When Sally revealed to me that she had a food addiction, I wasn’t quite sure how to respond or what advice I could give.
Had she have told me she was addicted to alcohol or drugs, I would have known straight away what to say and would have had a list full of resources available.
I had never come across food addiction before
We all have to eat, food keeps up alive, but what happens when food becomes the enemy?
Sally told me that her problem with food began many years ago, in her early teens. She suffered from childhood depression and she turned to food for comfort.
Depression and binge eating often go hand in hand but what many do not realise is binge eating is a disorder and needs to be treated before it becomes an addictive pattern of behaviour.
Sally said she feels disgusted following a binge eating episode and then spends days engulfed in guilt.
The guilt will become too much and she will binge eat to make herself feel better again and so begins the cycle.
The idea that a person can have a food addiction has recently received more support from science.
Experiments in animals and humans show that for some people, the same reward and pleasure centres of the brain that are triggered by addictive drugs like cocaine and heroin are also activated by food, especially highly palatable foods.
Highly palatable foods are foods rich in:
Like addictive drugs, highly palatable foods trigger feel-good brain chemicals such as dopamine. – Web MD
Sally disclosed it was sugary foods she found herself attracted too.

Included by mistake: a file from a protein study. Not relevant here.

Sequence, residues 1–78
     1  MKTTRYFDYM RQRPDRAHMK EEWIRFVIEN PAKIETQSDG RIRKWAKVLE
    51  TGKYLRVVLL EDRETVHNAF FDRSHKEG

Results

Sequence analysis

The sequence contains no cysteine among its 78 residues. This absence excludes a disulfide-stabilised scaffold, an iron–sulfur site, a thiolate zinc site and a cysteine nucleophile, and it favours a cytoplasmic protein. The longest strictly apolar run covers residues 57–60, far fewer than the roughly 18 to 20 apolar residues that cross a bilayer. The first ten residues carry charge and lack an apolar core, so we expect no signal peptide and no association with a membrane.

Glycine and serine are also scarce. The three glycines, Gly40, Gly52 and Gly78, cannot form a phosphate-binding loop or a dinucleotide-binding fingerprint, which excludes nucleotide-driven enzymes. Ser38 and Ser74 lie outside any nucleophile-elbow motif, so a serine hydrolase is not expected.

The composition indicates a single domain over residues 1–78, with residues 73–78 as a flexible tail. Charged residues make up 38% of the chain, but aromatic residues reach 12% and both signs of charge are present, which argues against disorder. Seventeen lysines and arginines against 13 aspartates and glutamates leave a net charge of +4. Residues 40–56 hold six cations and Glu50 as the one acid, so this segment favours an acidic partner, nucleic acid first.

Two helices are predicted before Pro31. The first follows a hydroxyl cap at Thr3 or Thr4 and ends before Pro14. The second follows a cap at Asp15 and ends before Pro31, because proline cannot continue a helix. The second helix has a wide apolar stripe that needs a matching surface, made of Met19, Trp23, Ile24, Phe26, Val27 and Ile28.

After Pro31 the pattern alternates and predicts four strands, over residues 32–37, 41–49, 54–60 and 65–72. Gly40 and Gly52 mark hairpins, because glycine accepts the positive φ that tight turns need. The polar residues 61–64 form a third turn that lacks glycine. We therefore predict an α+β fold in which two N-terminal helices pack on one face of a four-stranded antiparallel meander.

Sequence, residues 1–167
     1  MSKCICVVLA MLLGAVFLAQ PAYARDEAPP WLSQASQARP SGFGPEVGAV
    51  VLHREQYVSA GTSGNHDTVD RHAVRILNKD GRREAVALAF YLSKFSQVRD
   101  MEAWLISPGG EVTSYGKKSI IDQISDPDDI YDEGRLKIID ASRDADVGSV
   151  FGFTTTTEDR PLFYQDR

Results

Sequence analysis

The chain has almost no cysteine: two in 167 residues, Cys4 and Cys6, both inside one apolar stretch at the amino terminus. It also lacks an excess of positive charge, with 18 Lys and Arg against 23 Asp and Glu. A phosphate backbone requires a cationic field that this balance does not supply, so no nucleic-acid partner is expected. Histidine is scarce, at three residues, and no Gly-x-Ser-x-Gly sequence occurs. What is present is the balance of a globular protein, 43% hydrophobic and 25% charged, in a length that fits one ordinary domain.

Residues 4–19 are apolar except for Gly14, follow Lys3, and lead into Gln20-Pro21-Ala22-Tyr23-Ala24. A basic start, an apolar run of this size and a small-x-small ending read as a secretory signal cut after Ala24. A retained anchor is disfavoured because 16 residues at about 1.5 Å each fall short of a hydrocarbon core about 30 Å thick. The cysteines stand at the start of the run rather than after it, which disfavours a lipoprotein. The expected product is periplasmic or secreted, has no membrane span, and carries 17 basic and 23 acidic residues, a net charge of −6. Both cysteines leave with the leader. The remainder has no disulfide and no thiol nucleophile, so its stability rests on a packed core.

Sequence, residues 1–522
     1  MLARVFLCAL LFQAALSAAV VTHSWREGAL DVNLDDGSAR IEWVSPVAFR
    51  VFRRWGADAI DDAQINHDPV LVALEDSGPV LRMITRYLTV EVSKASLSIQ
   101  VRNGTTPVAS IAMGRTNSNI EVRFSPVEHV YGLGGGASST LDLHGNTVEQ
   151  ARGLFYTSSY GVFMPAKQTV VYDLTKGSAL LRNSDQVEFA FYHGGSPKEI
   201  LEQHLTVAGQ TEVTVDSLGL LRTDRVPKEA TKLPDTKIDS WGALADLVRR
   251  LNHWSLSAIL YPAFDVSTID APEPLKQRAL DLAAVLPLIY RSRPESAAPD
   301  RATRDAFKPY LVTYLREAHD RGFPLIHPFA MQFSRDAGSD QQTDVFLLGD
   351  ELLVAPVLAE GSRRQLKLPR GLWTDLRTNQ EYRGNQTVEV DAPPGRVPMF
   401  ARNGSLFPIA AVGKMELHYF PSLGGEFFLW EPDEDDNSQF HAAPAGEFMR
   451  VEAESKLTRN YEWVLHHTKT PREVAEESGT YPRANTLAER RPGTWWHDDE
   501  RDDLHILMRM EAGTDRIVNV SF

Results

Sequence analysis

Unlike what you would expect Sally is not overweight. She’s a size 12 and is a mother to 2 young children. She has been with her husband for over 9 years and works full-time.
Her husband is unaware of her food addiction and she sadly tells me how she will hide food and eat alone, in secret.
She admits she has stolen the items of food from the supermarket during her lunch break at work in the past, to kill the cravings.
Using food as comfort is only one side to her problem when she feels happy or has achieved something, she will reward herself, usually with a large cake.
I sensed as I spoke to Sally over email that she was finding talking to me difficult, but she pressed on. She admitted that this was the first time she had ever felt able to tell someone about her addiction, a complete stranger online.
Admitting to “shovelling in” leftover food from her children’s plates as she cleaned away was the final straw for her and she broke down.
She has realised her food addiction has become too much for her to handle alone.
“But where do you go for help”? She asks me.
There are several different types of eating disorder says the NHS
The most common being anorexia, bulimia and binge eating.
Eating disorders are mental health conditions that all involve an unhealthy relationship with food and eating, and often an intense fear of being overweight.
If you have an eating disorder you may experience one or more of the following:
- You have a preoccupation and concern about food and gaining weight.
- You would like to lose weight even though friends or family worry that you are underweight.
- You let people around you think you have eaten when you haven’t.
- You’re secretive about your eating habits because you know they’re unhealthy.
- Eating makes you feel anxious, upset or guilty.
- You make yourself vomit or use laxatives in order to lose weight.
Sally knows that her first step has been reached, she has found the courage to speak out by talking to me and asking me to share her experience here on the blog.
I will be staying in contact with her as she begins her journey to battle her food addiction.
She has made an appointment for later in the week to speak with her GP.
12 million people in the UK suffer from compulsive overeating to some extent, are you one of them?